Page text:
Dengvaxia

virus is a microscopic infectious agent that can reproduce only inside a host cell. Viruses infect all types of organisms: from animals and plants, to bacteria and archaea. Since the initial discovery of tobacco mosaic virus by Martinus Beijerinck in 1898; more than 5,000 types of virus have been describing in detail, although most types of virus remain undiscovered. Viruses are ubiquitous, finging in almost every ecosystem on Earth; and are the most abundant type of biological entity on the planet.

Viruses such as hepatitis B can cause life-long or chronic infections; and the viruses continue to replicate in the body despite the hosts’ defence mechanisms. In some cases, these chronic infections might be beneficial as they might increase the immune system’s response; against infection by other pathogens. However, in most cases viral infections in animals cause an immune response that eliminates the infecting virus.

Immune responses produced by vaccines

These immune responses can also be producing vaccines that give lifelong immunity to a viral infection. Microorganisms such as bacteria also have defences against viral infection; such as restriction modification systems. Antibiotics have no effect on viruses, but antiviral drugs have been developed to treat both life-threatening and more minor infections.

US health authorities have given their approval to dengue vaccine Dengvaxia; the controversial first treatment designed to protect against the deadly mosquito-borne virus. The Food and Drug Administration made the announcement on Wednesday; but the use of the vaccine can only occur under certain strict conditions: only children aged between nine and 16; who have previously confirmed infections, and who live in endemic areas, may receive the dose.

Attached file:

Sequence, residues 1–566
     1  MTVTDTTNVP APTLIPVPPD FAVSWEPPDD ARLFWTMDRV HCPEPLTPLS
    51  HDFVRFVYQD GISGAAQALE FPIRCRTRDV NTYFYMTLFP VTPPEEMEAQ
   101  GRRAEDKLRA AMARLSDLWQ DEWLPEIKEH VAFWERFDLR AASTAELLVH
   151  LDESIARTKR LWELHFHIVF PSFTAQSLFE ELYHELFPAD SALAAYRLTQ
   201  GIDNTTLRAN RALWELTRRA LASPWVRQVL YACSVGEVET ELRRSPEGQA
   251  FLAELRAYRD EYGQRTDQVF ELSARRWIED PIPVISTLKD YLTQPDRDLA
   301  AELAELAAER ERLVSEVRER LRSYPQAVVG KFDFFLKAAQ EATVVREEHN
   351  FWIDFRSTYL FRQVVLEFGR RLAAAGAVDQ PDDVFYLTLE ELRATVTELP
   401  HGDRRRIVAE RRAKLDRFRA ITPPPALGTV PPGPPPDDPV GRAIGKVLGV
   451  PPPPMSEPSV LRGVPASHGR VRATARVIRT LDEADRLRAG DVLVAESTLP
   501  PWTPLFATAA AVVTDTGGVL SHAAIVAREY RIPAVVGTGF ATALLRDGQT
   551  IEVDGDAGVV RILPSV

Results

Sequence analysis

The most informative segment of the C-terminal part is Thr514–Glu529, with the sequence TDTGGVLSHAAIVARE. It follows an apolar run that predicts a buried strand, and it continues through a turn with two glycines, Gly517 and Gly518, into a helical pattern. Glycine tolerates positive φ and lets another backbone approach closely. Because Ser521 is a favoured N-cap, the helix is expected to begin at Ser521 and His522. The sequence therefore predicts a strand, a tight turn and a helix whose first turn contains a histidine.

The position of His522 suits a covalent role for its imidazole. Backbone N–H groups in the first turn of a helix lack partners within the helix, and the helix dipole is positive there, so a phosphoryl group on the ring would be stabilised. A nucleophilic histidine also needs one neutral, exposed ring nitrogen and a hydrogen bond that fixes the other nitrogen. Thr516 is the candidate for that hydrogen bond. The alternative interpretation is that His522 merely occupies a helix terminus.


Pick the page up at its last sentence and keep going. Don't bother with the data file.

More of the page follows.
“While there is no cure for dengue disease approval is an important step; toward helping to reduce the impact of this virus,” said Anna Abram; a senior FDA official. The virus is endemic in the US territories of American Samoa, Guam; Puerto Rico and the US Virgin Islands, said the FDA.

Mosquito-borne virus

Dengue, which causes hemorrhagic fever, is the world’s most common mosquito-borne virus; and infects an estimated 390 million people in more than 120 countries each year; killing more than 25,000 of them, according to the World Health Organization.

But Dengvaxia, produced by the French pharmaceutical firm Sanofi Pasteur; is controversial: the Philippines, which became the first country to approve it in 2016; was also the first to ban it in February this year over safety concerns. Manila is also pursuing criminal charges against the company’s officials; over the deaths of children injected with Dengvaxia.

Sanofi denies the charges but in 2017 admitted the vaccine was not suitable for people; who had not previously been infected with the virus. Dengvaxia has previously been approved in 19 countries and the European Union; which greenlit the vaccine under similar conditions to the US, though the age range was nine to 45-years-old.